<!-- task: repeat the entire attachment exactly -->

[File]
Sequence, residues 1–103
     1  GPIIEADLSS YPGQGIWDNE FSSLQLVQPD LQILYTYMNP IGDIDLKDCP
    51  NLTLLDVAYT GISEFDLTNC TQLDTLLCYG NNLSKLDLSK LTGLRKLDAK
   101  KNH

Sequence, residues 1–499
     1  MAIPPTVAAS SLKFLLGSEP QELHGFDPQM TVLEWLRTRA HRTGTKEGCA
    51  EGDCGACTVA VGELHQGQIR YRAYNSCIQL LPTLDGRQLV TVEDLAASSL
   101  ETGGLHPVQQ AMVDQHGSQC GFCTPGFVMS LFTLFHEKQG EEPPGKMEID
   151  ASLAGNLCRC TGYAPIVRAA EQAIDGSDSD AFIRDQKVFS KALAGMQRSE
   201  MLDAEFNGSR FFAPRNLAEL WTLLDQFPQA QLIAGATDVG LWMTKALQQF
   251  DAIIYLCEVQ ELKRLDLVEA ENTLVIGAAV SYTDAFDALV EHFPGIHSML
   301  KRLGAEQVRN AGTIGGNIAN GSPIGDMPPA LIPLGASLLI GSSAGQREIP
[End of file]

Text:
Sequence, residues 1–103
     1  GPIIEADLSS YPGQGIWDNE FSSLQLVQPD LQILYTYMNP IGDIDLKDCP
    51  NLTLLDVAYT GISEFDLTNC TQLDTLLCYG NNLSKLDLSK LTGLRKLDAK
   101  KNH

Sequence, residues 1–499
     1  MAIPPTVAAS SLKFLLGSEP QELHGFDPQM TVLEWLRTRA HRTGTKEGCA
    51  EGDCGACTVA VGELHQGQIR YRAYNSCIQL LPTLDGRQLV TVEDLAASSL
   101  ETGGLHPVQQ AMVDQHGSQC GFCTPGFVMS LFTLFHEKQG EEPPGKMEID
   151  ASLAGNLCRC TGYAPIVRAA EQAIDGSDSD AFIRDQKVFS KALAGMQRSE
   201  MLDAEFNGSR FFAPRNLAEL WTLLDQFPQA QLIAGATDVG LWMTKALQQF
   251  DAIIYLCEVQ ELKRLDLVEA ENTLVIGAAV SYTDAFDALV EHFPGIHSML
   301  KRLGAEQVRN AGTIGGNIAN GSPIGDMPPA LIPLGASLLI GSSAGQREIP